cybernetics

From the smart factory to the self-organisation of capital: ‘Industrie 4.0’ as the cybernetisation of production

THIS CONTRIBUTION IS PART OF OUR FORTHCOMING OPEN  ISSUE (20.2, COMING OUT IN MAY 2020)

Introduction

Towards an anarchist cybernetics: Stafford Beer, self-organisation and radical social movements

Introduction

In this paper, I attempt to rehabilitate cybernetics, in some form, as a tradition that has the potential to enrich our understandings of radical or alternative forms of organisation. In doing so, I argue for an anarchist cybernetics: a reading of Stafford Beer’s organisational cybernetics that lends itself to forms of organisation that aim to limit if not completely reject centralised, top-down command and control in favour of participatory and democratic practices.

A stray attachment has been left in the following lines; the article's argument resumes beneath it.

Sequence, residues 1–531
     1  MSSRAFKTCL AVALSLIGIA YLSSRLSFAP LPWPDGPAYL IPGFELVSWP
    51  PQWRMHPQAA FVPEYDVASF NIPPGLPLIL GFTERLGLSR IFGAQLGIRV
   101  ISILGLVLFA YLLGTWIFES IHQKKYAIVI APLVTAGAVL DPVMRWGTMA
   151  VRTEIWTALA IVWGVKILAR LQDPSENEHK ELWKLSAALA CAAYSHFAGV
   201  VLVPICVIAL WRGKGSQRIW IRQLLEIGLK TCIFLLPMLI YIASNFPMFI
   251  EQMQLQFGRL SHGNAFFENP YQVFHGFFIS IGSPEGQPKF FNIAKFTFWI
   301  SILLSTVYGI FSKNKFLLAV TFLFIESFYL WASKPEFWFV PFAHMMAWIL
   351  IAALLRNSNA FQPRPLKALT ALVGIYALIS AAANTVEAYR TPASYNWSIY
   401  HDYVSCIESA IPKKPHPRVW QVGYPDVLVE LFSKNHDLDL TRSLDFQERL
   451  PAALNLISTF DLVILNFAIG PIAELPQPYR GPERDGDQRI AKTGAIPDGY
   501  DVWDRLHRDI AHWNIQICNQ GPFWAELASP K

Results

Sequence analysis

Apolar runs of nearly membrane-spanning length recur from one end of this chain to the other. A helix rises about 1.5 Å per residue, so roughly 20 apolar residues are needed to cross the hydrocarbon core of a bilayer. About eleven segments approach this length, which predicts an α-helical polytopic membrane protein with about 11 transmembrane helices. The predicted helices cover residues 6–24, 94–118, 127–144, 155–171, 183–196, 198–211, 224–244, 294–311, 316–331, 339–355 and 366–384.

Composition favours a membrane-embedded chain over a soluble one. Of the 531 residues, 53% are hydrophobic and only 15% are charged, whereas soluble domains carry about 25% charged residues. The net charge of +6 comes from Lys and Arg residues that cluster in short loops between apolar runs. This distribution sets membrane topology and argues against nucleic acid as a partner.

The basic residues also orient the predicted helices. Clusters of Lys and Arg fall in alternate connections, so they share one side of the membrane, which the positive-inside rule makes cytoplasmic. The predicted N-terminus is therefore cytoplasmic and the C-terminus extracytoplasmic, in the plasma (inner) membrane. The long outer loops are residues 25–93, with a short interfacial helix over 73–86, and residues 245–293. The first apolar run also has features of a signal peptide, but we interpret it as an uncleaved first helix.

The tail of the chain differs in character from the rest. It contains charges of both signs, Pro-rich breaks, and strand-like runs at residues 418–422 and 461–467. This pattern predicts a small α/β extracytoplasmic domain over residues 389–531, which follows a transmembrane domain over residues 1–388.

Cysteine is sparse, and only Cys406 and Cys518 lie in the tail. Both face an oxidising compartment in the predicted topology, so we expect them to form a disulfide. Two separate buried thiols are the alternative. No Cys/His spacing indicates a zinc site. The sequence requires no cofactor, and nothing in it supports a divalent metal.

Information, cybernetics and the second industrial revolution

The aim that motivates Ronald R. Kline’s The cybernetics moment is an attempt to answer the question of ‘why we came to believe that we live in an information age’ [6]. Kline works towards this by tracing the history of the concept of information from the early days of cybernetics and information theory in the 1940s and during the Second World War, through the ‘cybernetics craze’ of the 1950s, the decline of cybernetics in the 1960s, the counter-culture hype around information in the 1970s and, ultimately, the advent of the ‘information age’ in the 1980s.

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